Posts Tagged ‘editing’

Oh wow.  Negative reviews, eh?  In case you haven’t seen it yet, I am writing this post to link you to the perfect of example of how not to respond to a negative review of your writing.  (It’s not even that negative a review, to be honest, but hey.)  (Link via How Publishing Really Works – if you don’t already read, subscribe!) 

Not only is the author’s* response utterly astonishing, but she doesn’t see her mistake (both in response and in the original book).

This made me think about the value of receiving negative reviews and constructive criticism.  I can only see that this reiterates the importance of having an honest writing group or buddy who will get their red pen out as readily as their words of encouragement. 

As writers, it is our duty to hone our craft and knowledge of the English language and to shape our novels to be the best that they can be.  If this involves paying/befriending/kidnapping someone who knows their ‘there’ from their ‘their’ or an apostrophe from a semi-colon, then so be it. 

OK, so I was joking about the kidnapping, but not the rest. 

And beyond any philosophical writerly duty, just be a decent human being who has the good grace and professionalism to leave reviewers alone.

Good grief, what is the world coming to!

* though I hesitate to call her an author considering her disgusting behaviour and low level of pride in her novel to ‘release’ it into the world in that state.

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A Craving for Words

Isn’t it always the way – when I finally feel that I want to get back to writing A Thief & A Gentlewoman, I’m so busy that I don’t have time (or headspace) to!  It’s going to be pretty hectic here for the next few days as The Boy is moving out of his place over the weekend, so we’ve got leaving drinks with our friends and packing and moving boxes to do.  But I really want to write!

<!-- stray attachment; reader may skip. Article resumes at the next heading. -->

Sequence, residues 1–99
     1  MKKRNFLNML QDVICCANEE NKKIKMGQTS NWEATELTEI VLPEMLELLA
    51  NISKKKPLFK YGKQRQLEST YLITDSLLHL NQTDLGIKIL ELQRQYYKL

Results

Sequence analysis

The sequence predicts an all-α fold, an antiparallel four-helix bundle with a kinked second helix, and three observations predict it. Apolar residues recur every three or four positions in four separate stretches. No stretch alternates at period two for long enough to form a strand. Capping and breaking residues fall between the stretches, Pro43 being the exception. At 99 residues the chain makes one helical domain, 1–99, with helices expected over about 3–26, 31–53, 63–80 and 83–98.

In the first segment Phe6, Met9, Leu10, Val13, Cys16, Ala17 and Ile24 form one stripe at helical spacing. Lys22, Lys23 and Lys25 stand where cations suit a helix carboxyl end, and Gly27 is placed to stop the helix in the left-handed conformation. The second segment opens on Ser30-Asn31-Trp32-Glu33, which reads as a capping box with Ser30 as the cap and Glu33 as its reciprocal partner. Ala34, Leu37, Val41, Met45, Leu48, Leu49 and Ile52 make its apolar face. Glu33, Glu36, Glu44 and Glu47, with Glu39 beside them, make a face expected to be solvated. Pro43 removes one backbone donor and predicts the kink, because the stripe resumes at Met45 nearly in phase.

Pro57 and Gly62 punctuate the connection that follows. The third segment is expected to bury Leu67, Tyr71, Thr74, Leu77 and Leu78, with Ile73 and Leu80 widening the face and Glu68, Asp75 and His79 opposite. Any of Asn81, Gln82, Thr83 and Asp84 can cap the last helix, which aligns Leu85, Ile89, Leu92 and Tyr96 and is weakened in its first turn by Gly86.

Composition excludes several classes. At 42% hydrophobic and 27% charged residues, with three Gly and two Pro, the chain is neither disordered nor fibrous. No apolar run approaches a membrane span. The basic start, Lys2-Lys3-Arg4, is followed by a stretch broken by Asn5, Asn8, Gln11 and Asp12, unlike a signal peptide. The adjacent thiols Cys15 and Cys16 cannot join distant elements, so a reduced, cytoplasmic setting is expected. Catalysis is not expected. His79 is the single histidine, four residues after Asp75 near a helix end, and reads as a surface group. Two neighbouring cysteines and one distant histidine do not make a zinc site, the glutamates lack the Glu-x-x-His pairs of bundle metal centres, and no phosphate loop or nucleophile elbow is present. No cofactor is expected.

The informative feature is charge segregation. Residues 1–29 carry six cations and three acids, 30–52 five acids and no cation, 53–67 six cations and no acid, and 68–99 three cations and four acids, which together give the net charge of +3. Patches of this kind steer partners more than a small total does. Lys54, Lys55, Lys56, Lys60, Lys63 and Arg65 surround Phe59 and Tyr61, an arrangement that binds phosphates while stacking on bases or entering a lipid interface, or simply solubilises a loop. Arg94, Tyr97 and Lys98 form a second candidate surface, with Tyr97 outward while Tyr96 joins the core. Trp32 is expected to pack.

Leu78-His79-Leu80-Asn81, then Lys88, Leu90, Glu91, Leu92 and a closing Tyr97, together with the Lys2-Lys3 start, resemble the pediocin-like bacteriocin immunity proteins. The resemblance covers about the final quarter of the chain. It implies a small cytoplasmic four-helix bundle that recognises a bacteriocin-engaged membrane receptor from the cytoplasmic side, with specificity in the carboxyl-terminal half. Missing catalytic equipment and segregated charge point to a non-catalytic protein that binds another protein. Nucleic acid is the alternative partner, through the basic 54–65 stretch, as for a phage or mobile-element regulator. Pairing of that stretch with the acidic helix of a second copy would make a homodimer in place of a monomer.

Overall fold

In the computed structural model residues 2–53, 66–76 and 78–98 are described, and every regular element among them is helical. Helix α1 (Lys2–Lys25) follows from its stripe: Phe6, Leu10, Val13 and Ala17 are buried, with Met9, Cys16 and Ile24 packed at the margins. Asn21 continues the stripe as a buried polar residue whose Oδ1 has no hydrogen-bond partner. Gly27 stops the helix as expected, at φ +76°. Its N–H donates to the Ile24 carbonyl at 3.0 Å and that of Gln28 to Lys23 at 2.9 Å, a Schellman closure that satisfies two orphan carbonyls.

Hopefully I’ll still have that drive when Monday comes…  I think reading it all though from start to finish will get me in the mood, as it were.

In the meantime, here’s a very important and interesting article about your main character: Rachelle Gardner – Is Your MC Proactive or Reactive?

The first chapter of T&Gw has changed a great deal so far and when it came to editing for my Masters handin, I realised that my main character, Quin, spent the whole of the first scene just watching and thinking – she was horribly passive.  A pass main character is not appealing.  Neither is one who just reacts to everything around them, wafting about with the storm.  Even if the main events of the novel/script/etc are beyond the main character’s control, there will still be things in their life that they are trying to achieve, whether it’s finding a better job or getting a date with that hot guy at the bar.  And, of course, those goals might initially seem unrelated to the main plot, but the best subplots end up interweaving with those central events. 

But stop reading my rambling and go read Rachelle’s article!

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Your Inner Editor & You

After writing about editing the other day, I remembered a post on my old blog about the Inner Editor.  I thought I’d share it again in case it’s useful to anyone…

I’ve got a writing friend who’s struggling with her Inner Editor while she’s writing the first draft of her novel (which is wonderful) – it sounds pretty gruelling, with a couple of paragraphs taking hours and hours because the Editor won’t let her just write! I’ve been thinking about the problem a lot as it’s something I used to really suffer with.